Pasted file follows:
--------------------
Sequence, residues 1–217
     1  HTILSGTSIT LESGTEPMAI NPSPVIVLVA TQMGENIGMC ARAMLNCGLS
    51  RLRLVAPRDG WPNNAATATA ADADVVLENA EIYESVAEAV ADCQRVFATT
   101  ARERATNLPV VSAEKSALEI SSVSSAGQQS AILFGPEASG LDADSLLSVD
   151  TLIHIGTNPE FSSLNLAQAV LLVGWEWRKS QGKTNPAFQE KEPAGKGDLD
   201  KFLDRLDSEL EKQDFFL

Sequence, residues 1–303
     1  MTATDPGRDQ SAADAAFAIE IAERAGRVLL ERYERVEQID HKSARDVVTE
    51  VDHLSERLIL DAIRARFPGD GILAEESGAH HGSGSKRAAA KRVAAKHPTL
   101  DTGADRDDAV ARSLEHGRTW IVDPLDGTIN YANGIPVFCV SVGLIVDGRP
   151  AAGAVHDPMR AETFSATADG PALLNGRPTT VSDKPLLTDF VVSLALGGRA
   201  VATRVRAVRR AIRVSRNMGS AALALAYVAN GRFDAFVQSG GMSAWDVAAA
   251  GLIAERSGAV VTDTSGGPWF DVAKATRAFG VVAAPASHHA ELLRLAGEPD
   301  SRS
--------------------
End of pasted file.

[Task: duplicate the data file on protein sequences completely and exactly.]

Sequence, residues 1–217
     1  HTILSGTSIT LESGTEPMAI NPSPVIVLVA TQMGENIGMC ARAMLNCGLS
    51  RLRLVAPRDG WPNNAATATA ADADVVLENA EIYESVAEAV ADCQRVFATT
   101  ARERATNLPV VSAEKSALEI SSVSSAGQQS AILFGPEASG LDADSLLSVD
   151  TLIHIGTNPE FSSLNLAQAV LLVGWEWRKS QGKTNPAFQE KEPAGKGDLD
   201  KFLDRLDSEL EKQDFFL

Sequence, residues 1–303
     1  MTATDPGRDQ SAADAAFAIE IAERAGRVLL ERYERVEQID HKSARDVVTE
    51  VDHLSERLIL DAIRARFPGD GILAEESGAH HGSGSKRAAA KRVAAKHPTL
   101  DTGADRDDAV ARSLEHGRTW IVDPLDGTIN YANGIPVFCV SVGLIVDGRP
   151  AAGAVHDPMR AETFSATADG PALLNGRPTT VSDKPLLTDF VVSLALGGRA
   201  VATRVRAVRR AIRVSRNMGS AALALAYVAN GRFDAFVQSG GMSAWDVAAA
   251  GLIAERSGAV VTDTSGGPWF DVAKATRAFG VVAAPASHHA ELLRLAGEPD
   301  SRS